- TOP PLAYERSOffensePABLO S. TORRE | August 20, 2012
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- Faces in the CrowdJune 11, 2001
But I do want to tell you that Mr. Murray's story (SI, Oct. 3) of sitting in the stands with Harvey p�re and watching Ronnie go down in defeat has changed my mind about Harvey Knox. Mr. Murray made him sound almost sympathetic: a jaunty, cocky fellow to be sure, but one who took defeat with a certain amount of grace. I might continue to have thought of Harvey Knox as an unbearably offensive blowhard had Ronnie and UCLA won, but now I think he is just another proud father who himself had the talent and chance to make something out of his life, but failed. Now he clings to Ronnie for a second chance at cracking open the oyster that eluded him. I don't like him any better but I hope he and Ronnie make it.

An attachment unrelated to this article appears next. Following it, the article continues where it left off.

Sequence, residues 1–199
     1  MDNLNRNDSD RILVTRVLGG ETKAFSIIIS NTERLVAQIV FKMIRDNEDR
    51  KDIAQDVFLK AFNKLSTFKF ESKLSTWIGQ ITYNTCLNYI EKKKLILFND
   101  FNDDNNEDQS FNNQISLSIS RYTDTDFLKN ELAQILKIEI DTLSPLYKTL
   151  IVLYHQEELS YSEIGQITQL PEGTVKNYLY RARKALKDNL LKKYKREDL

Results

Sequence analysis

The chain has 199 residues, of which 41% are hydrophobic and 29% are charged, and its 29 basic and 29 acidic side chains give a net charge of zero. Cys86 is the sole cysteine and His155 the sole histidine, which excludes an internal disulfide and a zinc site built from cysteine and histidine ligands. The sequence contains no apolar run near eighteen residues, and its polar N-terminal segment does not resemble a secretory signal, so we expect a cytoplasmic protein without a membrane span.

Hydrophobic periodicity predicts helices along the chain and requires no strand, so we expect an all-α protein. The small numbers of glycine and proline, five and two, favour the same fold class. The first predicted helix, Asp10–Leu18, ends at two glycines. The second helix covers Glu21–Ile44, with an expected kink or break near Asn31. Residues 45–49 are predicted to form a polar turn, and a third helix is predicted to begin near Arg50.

FATHER WANTS THE BEST
It is said that Ronnie has never participated in his decisions about playing football, and that Mr. Knox has just "ruled" him. I don't think this is true. Ronnie's father has made him do what he's supposed to do; but I know Ronnie has had something to say about it, because I know Ronnie Knox very well.
SEND HIM TO MICHIGAN...
?Last Saturday Ronnie Knox sat on the bench with a shoulder hurt against Maryland and watched substitute Sam Brown score two touchdowns, kick four extra points for a 55-0 victory over Washington State. But could be that Michigan will get to see Knox. Both UCLA and Michigan are eligible contenders for this season's Rose Bowl game.—ED.
THE BOYS FROM SYRACUSE
My complaint is not whether Army is good or bad but about his reference to Syracuse as a "breather." Leave us not drag Syracuse football down to the level of Yale's which, along with the other Ivy League schools, has consistently refused to meet the Orange men—and, I might add, not because they are a breather.